Mattel gets lambasted for "Barbie: I Can Be An Engineer." The internet, rightfully, goes nuts. I get interviewed for a story on Mashable. My big advice to Barbie: get a Mac.

Marketing
Marketing

Podcasts
Podcasts

The State of Podcasting

Marco wrote this. Then Lex wrote this. And Dave did an intervention.

There has been a lot of talk on the current state of podcasting as a medium. New York Magazine might have kicked it off with What's Behind The Great Podcasting Renaissance?. Marco rightfully points out that a renaissance is in the eye of the beholder. Those of us who have been listening to, following, creating, and sponsoring podcasts for a long time know that podcasting has made slow, steady progress over the past decade.

This renaissance in media attention to podcasting has given me some food for thought, but I need more time to write it up properly. Look for "Podcasting: Sponsorships, Advertising, Medium, and Community" in the next issue of Well-Tempered. (Title subject to change, of course.)

Reading
Reading

NaNoReadMo: Week 2

In support of National Novel Writing Month (NaNoWriMo), I decided to challenge myself to read novels for 50 hours during the month of November.

Current status: 31 hours of reading, 10 days to go.

Books:

Top Secret Twenty-One by Janet Evanovich. I make no secret of my love for the detective novel genre. I can still remember the day during the summer of '95, in a used book store in Eugene, Oregon, when I came across One For The Money featuring Stephanie Plum, the half-Jewish, half-Polish bail bond bounty hunter in Trenton, New Jersey. Maybe it was the fact that I lived in New Jersey for 5 years, not far from Trenton, but I found it hysterical. I loved those books so much that I continued to follow them until now. The downside of genre fiction is that many writers, having achieved success, use their formula as a crutch, and never produce anything nearly as entertaining or good as their first attempts. Once I've read a few pages, I know what's going to happen to Stephanie Plum. Having read 21 novels, I am resolved not to read anything else by his author, no matter how much nostalgia tempts me.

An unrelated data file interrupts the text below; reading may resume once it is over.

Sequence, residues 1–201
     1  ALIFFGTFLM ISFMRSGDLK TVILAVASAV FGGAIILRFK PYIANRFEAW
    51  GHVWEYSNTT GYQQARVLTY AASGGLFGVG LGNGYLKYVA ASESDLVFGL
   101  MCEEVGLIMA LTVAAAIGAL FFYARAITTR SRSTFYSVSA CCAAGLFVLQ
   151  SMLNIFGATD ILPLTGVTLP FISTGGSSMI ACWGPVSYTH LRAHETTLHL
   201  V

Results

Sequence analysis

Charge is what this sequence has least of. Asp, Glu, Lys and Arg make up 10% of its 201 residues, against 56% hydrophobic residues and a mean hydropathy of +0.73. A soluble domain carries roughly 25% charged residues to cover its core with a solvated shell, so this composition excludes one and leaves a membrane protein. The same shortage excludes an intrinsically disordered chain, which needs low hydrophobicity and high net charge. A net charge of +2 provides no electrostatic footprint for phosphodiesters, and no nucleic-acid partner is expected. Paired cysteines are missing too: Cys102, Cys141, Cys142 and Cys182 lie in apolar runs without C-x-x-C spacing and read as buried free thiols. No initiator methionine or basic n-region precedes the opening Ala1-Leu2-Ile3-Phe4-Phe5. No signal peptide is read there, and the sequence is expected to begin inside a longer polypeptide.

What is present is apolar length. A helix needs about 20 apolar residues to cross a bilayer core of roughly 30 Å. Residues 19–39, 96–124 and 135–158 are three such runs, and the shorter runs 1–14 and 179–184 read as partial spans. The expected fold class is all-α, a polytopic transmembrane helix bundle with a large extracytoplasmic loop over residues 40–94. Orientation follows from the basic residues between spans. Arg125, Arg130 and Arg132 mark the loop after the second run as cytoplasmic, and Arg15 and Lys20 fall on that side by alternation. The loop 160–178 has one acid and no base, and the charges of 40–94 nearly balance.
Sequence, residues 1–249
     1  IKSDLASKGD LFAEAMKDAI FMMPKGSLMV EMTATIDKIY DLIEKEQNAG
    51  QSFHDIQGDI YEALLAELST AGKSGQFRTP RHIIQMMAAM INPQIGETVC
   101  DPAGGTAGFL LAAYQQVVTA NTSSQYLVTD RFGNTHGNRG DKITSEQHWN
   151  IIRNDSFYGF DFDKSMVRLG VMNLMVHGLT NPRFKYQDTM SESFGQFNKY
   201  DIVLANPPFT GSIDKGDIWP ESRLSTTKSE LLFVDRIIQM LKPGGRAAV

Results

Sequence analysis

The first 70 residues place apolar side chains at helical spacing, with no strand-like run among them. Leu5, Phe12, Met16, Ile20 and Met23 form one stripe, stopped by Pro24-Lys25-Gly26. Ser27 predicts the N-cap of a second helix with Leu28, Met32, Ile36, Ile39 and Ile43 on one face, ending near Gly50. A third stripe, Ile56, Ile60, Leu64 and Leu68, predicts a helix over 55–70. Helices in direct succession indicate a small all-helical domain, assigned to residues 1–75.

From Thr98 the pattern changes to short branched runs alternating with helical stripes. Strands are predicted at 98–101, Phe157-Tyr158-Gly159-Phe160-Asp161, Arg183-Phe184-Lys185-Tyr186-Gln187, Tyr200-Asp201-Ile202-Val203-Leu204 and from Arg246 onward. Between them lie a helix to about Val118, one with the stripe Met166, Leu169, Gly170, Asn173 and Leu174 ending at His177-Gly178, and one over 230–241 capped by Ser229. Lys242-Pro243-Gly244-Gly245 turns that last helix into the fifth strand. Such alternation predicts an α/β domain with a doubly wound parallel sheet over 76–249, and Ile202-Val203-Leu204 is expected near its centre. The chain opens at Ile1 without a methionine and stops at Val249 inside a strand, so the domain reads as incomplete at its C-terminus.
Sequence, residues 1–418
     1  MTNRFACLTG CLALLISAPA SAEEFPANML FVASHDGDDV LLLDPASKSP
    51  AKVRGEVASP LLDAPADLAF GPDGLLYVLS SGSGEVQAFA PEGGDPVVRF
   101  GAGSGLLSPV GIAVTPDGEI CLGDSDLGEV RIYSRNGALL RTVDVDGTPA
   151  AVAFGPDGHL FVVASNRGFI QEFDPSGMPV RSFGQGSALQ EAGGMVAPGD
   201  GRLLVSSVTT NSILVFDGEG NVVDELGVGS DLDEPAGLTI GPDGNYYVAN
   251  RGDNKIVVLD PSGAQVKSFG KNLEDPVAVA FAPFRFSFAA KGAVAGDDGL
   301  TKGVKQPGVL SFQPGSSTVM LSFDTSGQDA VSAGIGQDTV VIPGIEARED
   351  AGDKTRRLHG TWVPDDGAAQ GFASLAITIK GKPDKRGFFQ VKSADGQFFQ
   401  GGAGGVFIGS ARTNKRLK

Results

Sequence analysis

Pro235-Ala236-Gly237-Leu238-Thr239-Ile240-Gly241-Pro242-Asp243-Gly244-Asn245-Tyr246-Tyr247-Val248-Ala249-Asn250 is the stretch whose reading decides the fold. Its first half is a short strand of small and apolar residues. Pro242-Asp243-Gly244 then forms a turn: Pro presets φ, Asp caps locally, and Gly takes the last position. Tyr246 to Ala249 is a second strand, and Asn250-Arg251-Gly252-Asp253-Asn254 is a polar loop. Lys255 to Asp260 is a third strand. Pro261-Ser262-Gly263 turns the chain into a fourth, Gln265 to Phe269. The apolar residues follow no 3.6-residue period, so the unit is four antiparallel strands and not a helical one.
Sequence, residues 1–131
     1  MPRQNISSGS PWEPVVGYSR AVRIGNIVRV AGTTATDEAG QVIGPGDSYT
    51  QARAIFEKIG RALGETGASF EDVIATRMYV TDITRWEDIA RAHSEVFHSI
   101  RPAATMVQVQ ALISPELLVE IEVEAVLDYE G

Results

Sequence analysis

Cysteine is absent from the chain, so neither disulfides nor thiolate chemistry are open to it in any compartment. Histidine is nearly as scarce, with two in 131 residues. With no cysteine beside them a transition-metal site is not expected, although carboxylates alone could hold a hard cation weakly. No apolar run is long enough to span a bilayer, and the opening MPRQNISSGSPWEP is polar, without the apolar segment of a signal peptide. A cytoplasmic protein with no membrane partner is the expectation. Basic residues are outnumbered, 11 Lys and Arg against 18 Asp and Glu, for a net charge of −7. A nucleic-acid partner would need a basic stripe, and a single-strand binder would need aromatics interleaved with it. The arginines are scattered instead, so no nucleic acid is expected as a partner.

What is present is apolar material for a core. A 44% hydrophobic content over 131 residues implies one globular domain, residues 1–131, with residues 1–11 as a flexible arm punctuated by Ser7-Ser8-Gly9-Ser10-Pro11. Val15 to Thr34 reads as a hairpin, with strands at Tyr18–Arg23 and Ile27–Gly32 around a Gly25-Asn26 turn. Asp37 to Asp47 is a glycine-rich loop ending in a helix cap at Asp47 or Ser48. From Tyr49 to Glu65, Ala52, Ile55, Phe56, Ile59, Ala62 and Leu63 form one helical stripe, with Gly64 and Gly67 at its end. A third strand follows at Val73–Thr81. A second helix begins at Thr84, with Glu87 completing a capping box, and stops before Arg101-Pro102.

Divergent by Veronica Roth. At App Camp For Girls, we survey the incoming campers to get a sense of their tech experience, but we also ask them about their favorite books, movies, and TV shows. By far, the book most often mention by the 2014 campers was Divergent. I had heard that it was pretty good. I had heard it was in the same vein as The Hunger Games. Both things are true. I'm not sure if I will read the rest of the trilogy, but I admire the dystopia imagined by Roth, where teenagers have to choose a faction (Dauntless, Erudite, Candor, Amity and Abnegation) that determines their entire future.